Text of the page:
Commentary Magazine


Topic: Diane Sawyer

Who Did That?!

Even Gail Collins doesn’t buy Obama’s act. She thinks the populist hooey and Beltway-bashing doesn’t really work coming from the Ivy League–educated president who’s been in office for a year:

Obama does not really do angry. Peeved, yes. He looked pretty peeved when he was being interviewed by Diane Sawyer of ABC News the other night. If he can’t manage mellow with Diane Sawyer, what’s he going to do on Friday when he has scheduled a meeting with the House Republicans? Have you ever seen all the House Republicans in one place? It’s like a herd of rabid otters.

Looking out at the motley crew seated before him for the big speech, the president seemed at times to be pretending that he had never seen these people before in his life. “Washington has been telling us to wait for decades,” he complained at one point, as if he was a visitor from the heartland with a petition that he wanted to deliver if only he could get an appointment with someone on the appropriations committee.

She attributes all this to an outbreak of crankiness. But really it’s phoniness – as phony as Bill Clinton biting his lower lip. Obama is play-acting, affecting anger he doesn’t really feel (otherwise we’d have seen it before Scott Brown’s victory, right?). And meanwhile he’s donning the mantle of outsider while occupying the Oval office.

He got to the presidency as the leader of a new sort of politics. Unburdened by ideology, more cerebral and less craven than all who ever came before him, he was going to leave pettiness and perpetual campaigning behind and institute a new way of governing based on respect for the public and his opponents and heightened transparency. Now he’s upset that some fellow’s been running things for a year, acting like “change” was just a campaign slogan, so he’s going to get to the bottom of it. You can get whiplash trying to figure out which role he’s playing and whether he could possibly believe we haven’t noticed that the practitioner of all this secrecy, inside dealing, and hard-ball politics is the man behind the curtain … er … podium.

Even Gail Collins doesn’t buy Obama’s act. She thinks the populist hooey and Beltway-bashing doesn’t really work coming from the Ivy League–educated president who’s been in office for a year:

Obama does not really do angry. Peeved, yes. He looked pretty peeved when he was being interviewed by Diane Sawyer of ABC News the other night. If he can’t manage mellow with Diane Sawyer, what’s he going to do on Friday when he has scheduled a meeting with the House Republicans? Have you ever seen all the House Republicans in one place? It’s like a herd of rabid otters.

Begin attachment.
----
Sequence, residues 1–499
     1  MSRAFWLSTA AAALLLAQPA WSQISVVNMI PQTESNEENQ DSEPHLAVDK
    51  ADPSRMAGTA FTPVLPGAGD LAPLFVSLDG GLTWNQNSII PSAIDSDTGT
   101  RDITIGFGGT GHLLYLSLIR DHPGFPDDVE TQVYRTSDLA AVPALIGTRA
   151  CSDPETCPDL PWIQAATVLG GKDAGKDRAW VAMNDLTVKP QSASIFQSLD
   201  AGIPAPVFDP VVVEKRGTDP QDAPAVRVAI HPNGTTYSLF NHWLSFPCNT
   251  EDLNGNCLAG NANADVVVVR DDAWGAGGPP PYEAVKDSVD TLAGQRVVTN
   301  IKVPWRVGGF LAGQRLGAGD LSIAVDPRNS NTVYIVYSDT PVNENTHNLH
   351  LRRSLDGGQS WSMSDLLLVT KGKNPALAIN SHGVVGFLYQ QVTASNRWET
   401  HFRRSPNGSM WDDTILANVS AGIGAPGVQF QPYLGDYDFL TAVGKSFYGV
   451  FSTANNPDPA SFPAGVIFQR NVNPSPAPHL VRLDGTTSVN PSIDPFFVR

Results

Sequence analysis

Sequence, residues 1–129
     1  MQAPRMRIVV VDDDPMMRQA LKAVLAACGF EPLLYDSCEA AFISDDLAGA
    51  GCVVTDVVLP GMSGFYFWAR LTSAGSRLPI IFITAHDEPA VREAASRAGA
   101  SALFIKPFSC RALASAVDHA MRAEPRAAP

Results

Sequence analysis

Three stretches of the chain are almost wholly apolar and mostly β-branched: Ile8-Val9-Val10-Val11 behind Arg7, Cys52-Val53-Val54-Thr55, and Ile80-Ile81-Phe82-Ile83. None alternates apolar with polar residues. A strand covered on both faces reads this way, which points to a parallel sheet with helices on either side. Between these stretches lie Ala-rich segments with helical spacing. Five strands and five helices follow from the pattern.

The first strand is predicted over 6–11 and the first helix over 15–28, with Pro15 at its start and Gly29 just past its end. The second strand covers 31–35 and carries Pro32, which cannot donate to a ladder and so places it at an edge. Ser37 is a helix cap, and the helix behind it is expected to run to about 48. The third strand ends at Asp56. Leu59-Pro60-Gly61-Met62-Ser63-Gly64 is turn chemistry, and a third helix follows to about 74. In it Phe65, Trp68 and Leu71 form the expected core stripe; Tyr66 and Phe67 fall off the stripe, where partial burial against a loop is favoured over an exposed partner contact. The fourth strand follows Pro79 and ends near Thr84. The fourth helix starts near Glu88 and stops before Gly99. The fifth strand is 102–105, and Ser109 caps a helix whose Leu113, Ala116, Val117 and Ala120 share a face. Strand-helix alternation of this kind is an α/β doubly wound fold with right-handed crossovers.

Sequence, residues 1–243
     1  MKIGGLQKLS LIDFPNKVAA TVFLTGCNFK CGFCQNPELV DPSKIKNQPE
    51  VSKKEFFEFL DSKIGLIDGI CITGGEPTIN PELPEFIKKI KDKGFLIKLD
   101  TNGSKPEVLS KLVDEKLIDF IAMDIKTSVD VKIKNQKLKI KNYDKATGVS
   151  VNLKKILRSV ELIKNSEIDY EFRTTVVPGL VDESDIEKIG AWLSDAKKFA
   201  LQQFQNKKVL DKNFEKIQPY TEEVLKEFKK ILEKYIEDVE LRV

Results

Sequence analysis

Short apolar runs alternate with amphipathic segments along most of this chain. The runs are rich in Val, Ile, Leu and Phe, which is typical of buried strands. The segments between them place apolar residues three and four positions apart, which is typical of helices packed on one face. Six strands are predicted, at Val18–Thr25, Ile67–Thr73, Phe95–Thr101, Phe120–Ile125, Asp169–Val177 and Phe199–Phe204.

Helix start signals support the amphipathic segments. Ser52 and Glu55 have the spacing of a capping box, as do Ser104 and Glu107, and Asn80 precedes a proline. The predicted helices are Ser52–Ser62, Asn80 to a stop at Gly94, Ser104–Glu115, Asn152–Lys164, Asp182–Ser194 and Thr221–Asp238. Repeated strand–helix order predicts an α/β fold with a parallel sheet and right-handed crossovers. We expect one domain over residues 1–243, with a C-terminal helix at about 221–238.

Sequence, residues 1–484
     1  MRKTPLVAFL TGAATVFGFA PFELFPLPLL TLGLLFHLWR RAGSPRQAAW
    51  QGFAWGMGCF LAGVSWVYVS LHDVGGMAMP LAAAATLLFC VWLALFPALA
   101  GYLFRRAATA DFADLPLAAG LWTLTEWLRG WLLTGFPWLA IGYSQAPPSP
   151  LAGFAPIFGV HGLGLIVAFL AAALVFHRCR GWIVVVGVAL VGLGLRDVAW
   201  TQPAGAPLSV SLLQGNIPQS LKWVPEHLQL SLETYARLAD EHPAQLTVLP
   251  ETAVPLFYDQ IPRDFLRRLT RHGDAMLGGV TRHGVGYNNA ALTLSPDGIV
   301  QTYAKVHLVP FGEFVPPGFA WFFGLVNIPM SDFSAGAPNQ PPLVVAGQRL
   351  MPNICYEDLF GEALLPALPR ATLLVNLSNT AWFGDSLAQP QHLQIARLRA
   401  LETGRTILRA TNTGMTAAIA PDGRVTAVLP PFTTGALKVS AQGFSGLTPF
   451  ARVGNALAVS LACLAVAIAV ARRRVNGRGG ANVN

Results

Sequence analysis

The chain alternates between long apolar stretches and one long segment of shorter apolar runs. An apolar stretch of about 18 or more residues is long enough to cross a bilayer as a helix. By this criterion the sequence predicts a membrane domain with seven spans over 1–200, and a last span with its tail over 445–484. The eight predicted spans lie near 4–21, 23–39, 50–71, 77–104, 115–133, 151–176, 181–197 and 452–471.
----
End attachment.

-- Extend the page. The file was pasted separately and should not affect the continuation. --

Looking out at the motley crew seated before him for the big speech, the president seemed at times to be pretending that he had never seen these people before in his life. “Washington has been telling us to wait for decades,” he complained at one point, as if he was a visitor from the heartland with a petition that he wanted to deliver if only he could get an appointment with someone on the appropriations committee.

She attributes all this to an outbreak of crankiness. But really it’s phoniness – as phony as Bill Clinton biting his lower lip. Obama is play-acting, affecting anger he doesn’t really feel (otherwise we’d have seen it before Scott Brown’s victory, right?). And meanwhile he’s donning the mantle of outsider while occupying the Oval office.

He got to the presidency as the leader of a new sort of politics. Unburdened by ideology, more cerebral and less craven than all who ever came before him, he was going to leave pettiness and perpetual campaigning behind and institute a new way of governing based on respect for the public and his opponents and heightened transparency. Now he’s upset that some fellow’s been running things for a year, acting like “change” was just a campaign slogan, so he’s going to get to the bottom of it. You can get whiplash trying to figure out which role he’s playing and whether he could possibly believe we haven’t noticed that the practitioner of all this secrecy, inside dealing, and hard-ball politics is the man behind the curtain … er … podium.

Read Less